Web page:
Some interesting things I found on August 20th, 2008:
- One square and saw waveform VCO (voltage controlled oscillator) with a huge pitch range, from subsonic to ultrasonic sound.
- One square and triangle waveform LFO (low frequency oscillator), that modulates the VCO for the vibrato effect creating old school arcade Atari-like sounds.
- White noise generator that triggers the VCO and can create percussion like sounds.
- 8 step Sequencer with note on/off switch and pitch knob for each step .
- It has a 1/4 inch audio output, 1/4 inch CV Output (to control other analog gear).
- A MIDI input to sync the Mochika with any midi device sending midi clock signals, the mochika can sync 1,2,4 and 8 times the tempo of the master clock midi device.
- 1 ultra bright red led that indicates the LFO Rate, and 8 red leds to indicate the step that is being played. Very useful when you play it on a dark stage.
# Negotiated Project B: Live Gigging Visualisation System – Check Luke McGowan's real-time music visualisation system.
# How-To: Hack a ThingamaKIT – The ThingamaKIT is an anthropomorphic analog synthesizer kit from Bleep Labs. Using "LEDacles", photoresistors, knobs, and switches, it generates interesting high pitched vocalizations. Bleep Labs sent us a review unit and this article shares our experiences building and using the kit. We've also included a tutorial on making some hacks, modifications, and circuit bends to it. Skip to the end to see a video of our hacked kit in action.
# Arduinome: An Arduino-Based Monome Clone, Behind the Scenes – A Monome clone based on the Arduino microcontroller.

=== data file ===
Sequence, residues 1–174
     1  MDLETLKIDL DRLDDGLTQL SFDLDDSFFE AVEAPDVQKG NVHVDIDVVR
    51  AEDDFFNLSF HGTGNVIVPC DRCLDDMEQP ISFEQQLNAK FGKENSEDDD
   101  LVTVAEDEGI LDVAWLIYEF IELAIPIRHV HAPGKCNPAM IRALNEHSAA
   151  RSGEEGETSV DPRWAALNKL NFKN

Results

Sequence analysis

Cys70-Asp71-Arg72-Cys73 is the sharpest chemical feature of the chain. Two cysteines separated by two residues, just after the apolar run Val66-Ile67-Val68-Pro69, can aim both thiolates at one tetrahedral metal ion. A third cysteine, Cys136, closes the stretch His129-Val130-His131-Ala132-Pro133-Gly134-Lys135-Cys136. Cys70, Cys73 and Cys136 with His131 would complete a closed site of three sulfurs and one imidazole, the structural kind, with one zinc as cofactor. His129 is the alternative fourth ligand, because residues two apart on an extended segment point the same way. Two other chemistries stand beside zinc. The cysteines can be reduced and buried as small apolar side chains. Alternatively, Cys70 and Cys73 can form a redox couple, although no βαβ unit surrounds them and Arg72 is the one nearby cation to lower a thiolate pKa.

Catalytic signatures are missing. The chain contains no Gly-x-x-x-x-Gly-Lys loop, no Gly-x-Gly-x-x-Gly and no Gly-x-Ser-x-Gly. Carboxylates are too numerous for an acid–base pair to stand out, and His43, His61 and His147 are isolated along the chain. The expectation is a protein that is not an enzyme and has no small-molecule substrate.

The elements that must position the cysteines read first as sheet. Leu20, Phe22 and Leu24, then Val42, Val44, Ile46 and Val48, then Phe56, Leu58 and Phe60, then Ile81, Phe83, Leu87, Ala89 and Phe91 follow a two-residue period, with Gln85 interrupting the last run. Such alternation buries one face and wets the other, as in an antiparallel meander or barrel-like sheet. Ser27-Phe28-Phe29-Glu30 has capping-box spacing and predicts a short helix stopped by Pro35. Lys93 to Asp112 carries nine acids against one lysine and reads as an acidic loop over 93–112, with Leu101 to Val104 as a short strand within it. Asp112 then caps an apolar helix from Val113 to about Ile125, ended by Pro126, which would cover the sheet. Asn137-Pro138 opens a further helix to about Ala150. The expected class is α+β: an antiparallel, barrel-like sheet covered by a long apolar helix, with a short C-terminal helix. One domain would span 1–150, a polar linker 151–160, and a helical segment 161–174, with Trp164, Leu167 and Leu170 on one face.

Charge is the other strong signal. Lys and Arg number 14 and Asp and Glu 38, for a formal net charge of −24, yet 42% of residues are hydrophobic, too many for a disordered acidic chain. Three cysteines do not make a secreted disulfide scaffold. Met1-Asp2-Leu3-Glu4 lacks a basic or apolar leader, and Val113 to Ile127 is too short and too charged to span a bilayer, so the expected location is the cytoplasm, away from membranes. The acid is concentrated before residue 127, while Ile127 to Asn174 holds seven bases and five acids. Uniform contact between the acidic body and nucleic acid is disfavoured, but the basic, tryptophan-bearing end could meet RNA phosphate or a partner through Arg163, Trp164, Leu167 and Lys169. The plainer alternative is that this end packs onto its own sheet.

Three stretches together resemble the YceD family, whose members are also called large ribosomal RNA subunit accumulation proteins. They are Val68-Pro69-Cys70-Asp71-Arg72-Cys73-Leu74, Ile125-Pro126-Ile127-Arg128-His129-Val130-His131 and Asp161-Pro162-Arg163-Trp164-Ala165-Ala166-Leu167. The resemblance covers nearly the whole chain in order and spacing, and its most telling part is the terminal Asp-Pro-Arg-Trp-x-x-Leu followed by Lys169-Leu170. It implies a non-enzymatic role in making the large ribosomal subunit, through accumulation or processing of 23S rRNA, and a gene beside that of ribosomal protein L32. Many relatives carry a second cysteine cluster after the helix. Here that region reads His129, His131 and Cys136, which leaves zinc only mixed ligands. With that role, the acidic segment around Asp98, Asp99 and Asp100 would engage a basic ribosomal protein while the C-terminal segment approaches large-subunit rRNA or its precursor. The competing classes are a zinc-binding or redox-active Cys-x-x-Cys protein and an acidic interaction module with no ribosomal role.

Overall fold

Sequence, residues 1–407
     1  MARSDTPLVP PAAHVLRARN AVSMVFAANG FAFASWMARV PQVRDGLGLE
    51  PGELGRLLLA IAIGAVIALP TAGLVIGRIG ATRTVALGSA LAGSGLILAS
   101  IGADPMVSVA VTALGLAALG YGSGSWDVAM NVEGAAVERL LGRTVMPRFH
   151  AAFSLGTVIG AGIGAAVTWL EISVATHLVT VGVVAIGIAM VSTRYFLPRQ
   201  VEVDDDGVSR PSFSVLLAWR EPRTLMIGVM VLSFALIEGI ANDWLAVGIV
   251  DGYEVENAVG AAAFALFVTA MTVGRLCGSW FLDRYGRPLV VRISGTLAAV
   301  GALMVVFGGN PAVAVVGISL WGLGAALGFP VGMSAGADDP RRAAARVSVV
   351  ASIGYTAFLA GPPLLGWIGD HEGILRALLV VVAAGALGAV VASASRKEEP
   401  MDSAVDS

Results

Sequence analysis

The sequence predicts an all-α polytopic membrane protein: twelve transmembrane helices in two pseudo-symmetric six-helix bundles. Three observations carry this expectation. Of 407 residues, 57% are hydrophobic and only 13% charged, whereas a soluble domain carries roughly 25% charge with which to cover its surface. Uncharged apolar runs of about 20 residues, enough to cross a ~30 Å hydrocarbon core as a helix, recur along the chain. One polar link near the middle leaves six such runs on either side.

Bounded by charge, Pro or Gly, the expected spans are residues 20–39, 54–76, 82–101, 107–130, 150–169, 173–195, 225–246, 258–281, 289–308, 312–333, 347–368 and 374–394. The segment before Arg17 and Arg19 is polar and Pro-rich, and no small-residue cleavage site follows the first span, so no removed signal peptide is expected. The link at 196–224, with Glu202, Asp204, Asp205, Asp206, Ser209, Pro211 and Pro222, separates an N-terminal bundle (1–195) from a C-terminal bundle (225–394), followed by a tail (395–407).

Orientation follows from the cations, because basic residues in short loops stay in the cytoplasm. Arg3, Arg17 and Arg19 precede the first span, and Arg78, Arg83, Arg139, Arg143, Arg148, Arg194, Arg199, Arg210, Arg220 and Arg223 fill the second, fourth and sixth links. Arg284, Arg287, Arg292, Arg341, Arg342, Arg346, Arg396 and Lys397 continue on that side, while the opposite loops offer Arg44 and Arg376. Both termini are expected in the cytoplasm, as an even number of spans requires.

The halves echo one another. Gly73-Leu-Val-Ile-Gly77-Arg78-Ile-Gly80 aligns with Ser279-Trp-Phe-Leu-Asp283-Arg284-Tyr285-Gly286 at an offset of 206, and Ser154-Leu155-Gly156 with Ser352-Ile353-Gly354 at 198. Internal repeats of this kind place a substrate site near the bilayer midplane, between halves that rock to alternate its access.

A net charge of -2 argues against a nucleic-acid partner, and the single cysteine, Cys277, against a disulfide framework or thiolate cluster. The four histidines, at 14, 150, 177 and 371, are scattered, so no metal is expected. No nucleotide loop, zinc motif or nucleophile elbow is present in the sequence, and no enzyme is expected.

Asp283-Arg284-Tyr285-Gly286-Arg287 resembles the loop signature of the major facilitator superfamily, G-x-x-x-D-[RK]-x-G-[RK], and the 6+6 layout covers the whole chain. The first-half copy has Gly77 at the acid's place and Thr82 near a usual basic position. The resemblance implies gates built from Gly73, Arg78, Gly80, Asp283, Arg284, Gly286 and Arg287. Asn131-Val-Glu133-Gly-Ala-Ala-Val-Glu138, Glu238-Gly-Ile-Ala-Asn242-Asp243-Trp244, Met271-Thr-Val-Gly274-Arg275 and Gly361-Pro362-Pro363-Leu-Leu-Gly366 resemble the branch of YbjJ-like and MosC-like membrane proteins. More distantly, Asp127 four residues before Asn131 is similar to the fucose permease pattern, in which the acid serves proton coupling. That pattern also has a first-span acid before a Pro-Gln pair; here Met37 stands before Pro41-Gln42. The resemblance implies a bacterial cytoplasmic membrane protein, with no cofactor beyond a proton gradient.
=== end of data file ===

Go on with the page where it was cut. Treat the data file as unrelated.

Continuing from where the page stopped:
The “Arduinome” gifts the Monome with two new possibilities. First, it’s a breakthrough on the availability front: at a time when official Monome kits are backordered, it makes it easier to make your own Monome on a budget. Second, it makes hardware hacking on the Monome far easier, by allowing people to make microcontroller-level modifications on the relatively friendly Arduino platform. (The Arduino was designed not for electrical engineers, but for artists just dipping their toes into electronics, even for the first time.)
# Cell Phone Disco – Cell Phone Disco is a surface that visualizes the electromagnetic field of an active mobile phone.
Several thousand lights illuminate when you make or recieve a phone call in the vicinity of the installation. Cell Phone Disco makes an invisible property of the environment perceptible to our senses. It reveals the communicating body of the mobile phone.
# DS-10 US Preorder Available; US Ship Date 9/30 – Korg’s DS-10, a synth for your Nintendo DS handheld, is now available for preorder in the US from amazon.com.